back to article US Matrix-style Cyberwar firing range moves forward

The US military's plans to create a cyberwarfare firing range in which to test cyber weapons and train the cyber warriors of tomorrow is to continue, with a further $10.77m of funding just announced. Under the National Cyber Range project, the wacky weaponeers of DARPA have long planned to create a walled-off network …


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  1. Mondo the Magnificent

    So, how much...

    ..will the U.S. taxpayer fork out for the red and blue pills?

  2. Guido Esperanto

    $10 mil extra?

    I mean all they need is a couple of hundred computers, running various flavours of OS,

    couple of ISP style switches, few routers, firewalls and an ass load of cable.

    ok, I'm being a pedant, but if they are "mimicking the internet" their isnt MUCH more too it.

    /mines the one with the blank government cheque book....all signed :D

  3. Anonymous Coward
    Anonymous Coward

    In other words...

    After decades of research into artificial intelligence, machine learning has finally been perfected enough so that it can simulate real human responses in cyber warfare, and accurately do things like "Click on this attached PDF to see a celebrity boob slip" when requested to in an email.

  4. Red Bren

    Judgement Day is coming...

    "a walled-off network be populated by software "replicants"...innocent bystanders in the devastating digital warfare taking place around them."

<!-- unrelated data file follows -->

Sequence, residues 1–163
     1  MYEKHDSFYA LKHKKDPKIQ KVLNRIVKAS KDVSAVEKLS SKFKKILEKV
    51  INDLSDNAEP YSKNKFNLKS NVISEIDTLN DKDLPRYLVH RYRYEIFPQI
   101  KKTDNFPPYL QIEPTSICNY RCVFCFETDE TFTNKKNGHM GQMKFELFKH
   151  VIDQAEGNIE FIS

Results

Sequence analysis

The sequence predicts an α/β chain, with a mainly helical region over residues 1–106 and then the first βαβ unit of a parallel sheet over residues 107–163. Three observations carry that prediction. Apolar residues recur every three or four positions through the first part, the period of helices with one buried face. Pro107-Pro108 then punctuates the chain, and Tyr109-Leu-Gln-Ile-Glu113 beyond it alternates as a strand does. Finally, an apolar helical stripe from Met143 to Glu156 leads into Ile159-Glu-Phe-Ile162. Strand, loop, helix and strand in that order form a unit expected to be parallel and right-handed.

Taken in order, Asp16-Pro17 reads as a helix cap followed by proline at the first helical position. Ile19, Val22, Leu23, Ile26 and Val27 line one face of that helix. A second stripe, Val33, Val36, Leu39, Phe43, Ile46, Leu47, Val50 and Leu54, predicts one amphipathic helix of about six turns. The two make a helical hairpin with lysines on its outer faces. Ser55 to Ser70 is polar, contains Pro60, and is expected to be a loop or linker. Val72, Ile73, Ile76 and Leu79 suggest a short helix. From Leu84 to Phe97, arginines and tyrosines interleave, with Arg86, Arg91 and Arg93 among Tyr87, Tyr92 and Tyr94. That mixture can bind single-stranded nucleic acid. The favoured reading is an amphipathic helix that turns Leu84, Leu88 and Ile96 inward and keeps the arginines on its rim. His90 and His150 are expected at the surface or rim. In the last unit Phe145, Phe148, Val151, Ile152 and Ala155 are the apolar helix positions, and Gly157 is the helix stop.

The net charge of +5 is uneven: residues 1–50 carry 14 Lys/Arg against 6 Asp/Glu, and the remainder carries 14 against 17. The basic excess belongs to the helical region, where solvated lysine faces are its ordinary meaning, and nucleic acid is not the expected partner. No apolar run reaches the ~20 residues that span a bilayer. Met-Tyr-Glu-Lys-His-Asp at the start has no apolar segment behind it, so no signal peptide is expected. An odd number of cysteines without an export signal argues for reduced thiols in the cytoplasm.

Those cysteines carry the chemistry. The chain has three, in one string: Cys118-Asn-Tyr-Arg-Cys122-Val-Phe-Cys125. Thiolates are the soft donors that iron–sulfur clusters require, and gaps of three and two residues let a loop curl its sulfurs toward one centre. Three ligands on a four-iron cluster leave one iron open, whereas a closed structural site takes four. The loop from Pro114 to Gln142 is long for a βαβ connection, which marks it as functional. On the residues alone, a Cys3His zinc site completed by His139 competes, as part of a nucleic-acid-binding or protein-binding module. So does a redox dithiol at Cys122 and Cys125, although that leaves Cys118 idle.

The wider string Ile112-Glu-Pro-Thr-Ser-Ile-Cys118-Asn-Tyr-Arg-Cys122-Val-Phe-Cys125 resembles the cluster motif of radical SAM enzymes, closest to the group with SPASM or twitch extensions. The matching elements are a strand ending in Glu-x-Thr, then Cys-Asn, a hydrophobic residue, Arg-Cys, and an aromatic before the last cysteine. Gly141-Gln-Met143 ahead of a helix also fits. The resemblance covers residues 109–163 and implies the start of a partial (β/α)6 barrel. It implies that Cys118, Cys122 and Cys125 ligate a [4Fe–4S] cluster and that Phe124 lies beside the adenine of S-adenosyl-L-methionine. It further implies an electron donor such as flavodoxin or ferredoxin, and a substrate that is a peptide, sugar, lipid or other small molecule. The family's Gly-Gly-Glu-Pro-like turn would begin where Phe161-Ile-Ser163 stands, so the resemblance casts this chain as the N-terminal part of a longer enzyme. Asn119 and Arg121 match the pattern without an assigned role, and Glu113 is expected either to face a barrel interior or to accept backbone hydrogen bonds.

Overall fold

How long before the replicants get tired of being digital cannon fodder and breach the "walls" of the network?

    I'm sure I saw an Arnold Schwarzenegger documentary about this...

  5. Peter Sommer

    What are the assumptions?

    The value of a conventional war game depends heavily on the quality of the underlying assumptions - about weapons capability, terrain, supply lines - as well as the skill of the participants. For most wargames we have pretty good levels of knowledge which the game's organisers can use both in design and making judgements

    But we know almost nothing about the Internet "terrain" in terms of the capacity of elements to resist attack or to recover, and we know next nothing about dependencies. And if we think we have knowledge today, it will be obsolete tomorrow, simply as a result of the natural process of innovation.

    The easy temptation is to make all the targets weak and all the decision-making replicants stupid. That way the arms salesmen and soldiers can go back to the tax payer and say: "Our tests have shown how vulnerable we are We need even more money"

    The Cyber Range project is really no more than an extremely expensive version of an XBox game with "cheats" built in to produce particular outcomes

  6. Thomas 4


    Did that description actually make sense to anyone?

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